Watch the interview excerpt below:

The rest of the interview airs tonight and tomorrow night on Fox News' The O'Reilly Factor.

NEXT: Neil Gorsuch Sympathizes With Drug Dealers

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  1. Remember the “reset button”? Remember all the hand-wringing about diplomatic relations with a murderous ex-KGB thug then? Yeah, me neither.

    1. Lefties always yell about they hate you and want to punch their ideological enemies in the face.

      Maybe a better tactic would be to not tell your adversary much about your plan on how you will treat them. You know, Sun Tzu and all that.

      1. I think most lefties are too big of pussies to have read The Art Of War. I cannot say the same about myself. It’s an amazing book. Trump definitely has the “formless and inscrutable” down. Nobody can figure out WTF is going on. LOL

        Honestly I think some of the games he is playing are in fact exactly that. He is literally applying power business/political maneuvers to all his affairs, but a lot of people can’t see how it is beneficial to bust another countries balls to set the bar low, or threaten to pull out of “a deal” etc. These are the things one does if one has testicles between their legs and wants to play hard ball and get their way. It works when you’re the one with the upper hand, as the USA is in almost every single respect.

        1. nah, he’s just an emotional idiot. nothing grand or calculated. a few more reverses as the trailer parks of America come into contact with United States and this will end not with a bang but a whimper on Breitbart.

        2. “I think most lefties are too big of pussies …”

          So what are you – a small pussy? Be polite, and people will be polite back. That may not be in Sun Tzu, but it’s good tactics.

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  2. American ideals of freedom, liberty, and equality under the law, could be morally superior. But even then, their moral superiority is far less relevant than what their actual state currently is in this country. There’s little value in feeling morally superior about something you can no longer enjoy.

    Pretty good moral high ground Ed.

    I always thought one of the shining lights of America was the overall desire to treat people of the World well. Some other countries just do not care and they have been making the same mistakes century after century.

    I just hope America moves toward more Liberty and treating people of World well.

  3. Oh, FFS! Look, this isn’t really very difficult. The United States doesn’t own the world. No one wants us exerting our authority to assume control of the world. And I’m fine with that. But, what that means is that we’re not responsible for the world. Do we do business with some unsavory characters? Yes. They’re the leaders of sovereign nations. Doing business with those leaders means doing business with those unsavory characters. Do you want to take a position of principled non-interventionism, as so many writers here insist we must? Fine. But that means that some of the leaders of some of the sovereign nations America is going to have to deal with aren’t going to be the sorts you’d want invited to your next cocktail party.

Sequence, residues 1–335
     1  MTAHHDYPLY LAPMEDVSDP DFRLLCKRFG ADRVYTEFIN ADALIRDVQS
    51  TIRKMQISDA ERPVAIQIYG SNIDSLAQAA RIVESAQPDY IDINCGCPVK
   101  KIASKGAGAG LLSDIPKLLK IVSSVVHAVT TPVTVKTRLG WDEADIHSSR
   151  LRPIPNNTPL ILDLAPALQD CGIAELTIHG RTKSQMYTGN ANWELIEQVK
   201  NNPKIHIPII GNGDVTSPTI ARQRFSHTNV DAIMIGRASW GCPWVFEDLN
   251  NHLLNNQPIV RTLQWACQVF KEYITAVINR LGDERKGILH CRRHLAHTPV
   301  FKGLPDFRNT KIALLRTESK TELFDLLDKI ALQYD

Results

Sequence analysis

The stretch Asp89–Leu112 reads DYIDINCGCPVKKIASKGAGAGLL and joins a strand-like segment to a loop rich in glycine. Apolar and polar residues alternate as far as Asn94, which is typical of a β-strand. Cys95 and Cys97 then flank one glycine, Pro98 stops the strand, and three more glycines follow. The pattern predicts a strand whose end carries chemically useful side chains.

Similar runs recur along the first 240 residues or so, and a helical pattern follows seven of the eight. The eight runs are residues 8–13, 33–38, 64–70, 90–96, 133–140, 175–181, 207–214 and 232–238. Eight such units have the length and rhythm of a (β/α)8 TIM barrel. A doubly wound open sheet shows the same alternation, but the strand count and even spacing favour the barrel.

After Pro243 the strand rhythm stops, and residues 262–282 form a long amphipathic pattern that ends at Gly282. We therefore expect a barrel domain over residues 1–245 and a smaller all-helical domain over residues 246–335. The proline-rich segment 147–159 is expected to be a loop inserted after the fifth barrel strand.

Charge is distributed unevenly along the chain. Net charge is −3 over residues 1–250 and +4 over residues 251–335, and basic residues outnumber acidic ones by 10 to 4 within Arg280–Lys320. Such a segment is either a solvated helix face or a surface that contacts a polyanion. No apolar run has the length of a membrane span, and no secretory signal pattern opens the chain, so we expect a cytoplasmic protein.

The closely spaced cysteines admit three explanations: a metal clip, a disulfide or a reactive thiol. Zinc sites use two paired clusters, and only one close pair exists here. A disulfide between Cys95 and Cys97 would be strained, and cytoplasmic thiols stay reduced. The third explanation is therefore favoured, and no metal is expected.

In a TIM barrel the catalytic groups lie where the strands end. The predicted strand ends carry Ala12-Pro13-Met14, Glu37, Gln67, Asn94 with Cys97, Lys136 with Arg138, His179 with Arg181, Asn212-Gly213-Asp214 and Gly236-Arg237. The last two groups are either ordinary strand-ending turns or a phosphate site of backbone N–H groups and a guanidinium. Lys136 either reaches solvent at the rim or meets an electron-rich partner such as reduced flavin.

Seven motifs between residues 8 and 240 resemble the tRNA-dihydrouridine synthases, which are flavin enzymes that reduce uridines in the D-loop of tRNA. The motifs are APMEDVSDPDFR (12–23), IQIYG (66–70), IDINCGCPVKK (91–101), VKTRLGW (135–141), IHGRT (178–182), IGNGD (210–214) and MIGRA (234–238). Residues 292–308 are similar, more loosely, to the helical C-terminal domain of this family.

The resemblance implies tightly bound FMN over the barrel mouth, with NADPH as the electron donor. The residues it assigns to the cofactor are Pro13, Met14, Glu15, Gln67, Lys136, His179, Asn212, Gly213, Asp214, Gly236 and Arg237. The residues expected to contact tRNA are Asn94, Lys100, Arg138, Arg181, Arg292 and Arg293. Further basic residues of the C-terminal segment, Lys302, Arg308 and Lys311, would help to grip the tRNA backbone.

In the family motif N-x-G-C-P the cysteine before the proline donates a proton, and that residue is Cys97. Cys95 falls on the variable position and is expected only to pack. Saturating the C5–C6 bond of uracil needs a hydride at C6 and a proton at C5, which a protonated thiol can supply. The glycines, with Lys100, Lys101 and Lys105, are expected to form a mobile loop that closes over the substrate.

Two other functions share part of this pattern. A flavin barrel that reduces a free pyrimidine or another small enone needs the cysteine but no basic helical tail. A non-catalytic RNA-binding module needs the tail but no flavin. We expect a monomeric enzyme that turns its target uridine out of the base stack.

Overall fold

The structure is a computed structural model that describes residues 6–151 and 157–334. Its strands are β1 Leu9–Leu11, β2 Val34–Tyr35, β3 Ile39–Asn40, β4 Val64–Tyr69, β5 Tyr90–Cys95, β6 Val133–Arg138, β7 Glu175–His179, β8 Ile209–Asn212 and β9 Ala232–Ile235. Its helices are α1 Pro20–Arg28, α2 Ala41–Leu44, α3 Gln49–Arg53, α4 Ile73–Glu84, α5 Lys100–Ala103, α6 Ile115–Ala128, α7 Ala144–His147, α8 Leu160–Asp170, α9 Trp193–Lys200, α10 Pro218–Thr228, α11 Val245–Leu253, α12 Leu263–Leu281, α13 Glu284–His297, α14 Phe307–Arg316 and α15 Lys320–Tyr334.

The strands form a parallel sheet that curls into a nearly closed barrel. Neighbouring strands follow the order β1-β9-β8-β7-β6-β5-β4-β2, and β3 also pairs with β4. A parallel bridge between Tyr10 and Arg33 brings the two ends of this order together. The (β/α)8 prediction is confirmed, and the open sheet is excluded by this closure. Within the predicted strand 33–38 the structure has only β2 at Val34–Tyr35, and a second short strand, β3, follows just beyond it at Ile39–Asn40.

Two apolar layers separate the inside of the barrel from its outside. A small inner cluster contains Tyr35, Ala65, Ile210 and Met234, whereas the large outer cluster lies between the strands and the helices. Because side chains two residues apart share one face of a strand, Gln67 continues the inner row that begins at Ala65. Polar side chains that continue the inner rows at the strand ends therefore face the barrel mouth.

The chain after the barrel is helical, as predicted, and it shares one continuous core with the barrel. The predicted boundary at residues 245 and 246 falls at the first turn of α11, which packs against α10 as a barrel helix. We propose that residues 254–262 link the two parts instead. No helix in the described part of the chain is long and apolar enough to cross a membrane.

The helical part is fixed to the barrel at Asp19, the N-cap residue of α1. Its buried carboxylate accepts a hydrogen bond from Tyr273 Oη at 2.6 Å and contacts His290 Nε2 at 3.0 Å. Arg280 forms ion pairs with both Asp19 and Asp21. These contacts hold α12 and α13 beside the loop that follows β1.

1. Self-correction: Doing business with those leaders sovereign nations means doing business with those unsavory characters

  4. The fantasy of the USA’s imagined moral supremacy evaporated long ago and Trump did the the correct thing by pushing back. He was dead right here and it’s actually nice to have a political leader who doesn’t spew platitudes when stuff like this comes up.

    1. But we’ve never done anything questionable! Not even morally suspect!

      The outrage over this is enlightening. It shows who the jingoists are.

      1. Obama’s drone strikes were much more refined, paired with arugula salad.

      2. Many of those same people are also the ones who take anything the CIA says at face value. The CIA, of course, having a long record of moral superior actions and honest, trustworthy behaviour.

        1. I’d almost be willing to allow them their shady behavior if they were competent.

          1. Well, where does shady stop and murderous begin?

    2. “The fantasy of the USA’s imagined moral supremacy evaporated long ago”

      You are historically illiterate and untraveled if you truly believe the USA doesn’t top the world in morality and freedom. It’s not a fantasy, its a reality.

      Moral supremacy does not require perfection and the USA has made huge mistakes over the years and many worthy of harsh condemnation. But the key word here is “supremacy”…and yes, the USA is supreme on the global stage for the totality of conduct and contributions. There is no country that has contributed more to societal freedom, individual liberty, and fought to secure the same for those outside its borders. Yeh, you can point to small countries of outstanding morality and freedom, but every single one of them exists and maintains due to the presence of the US.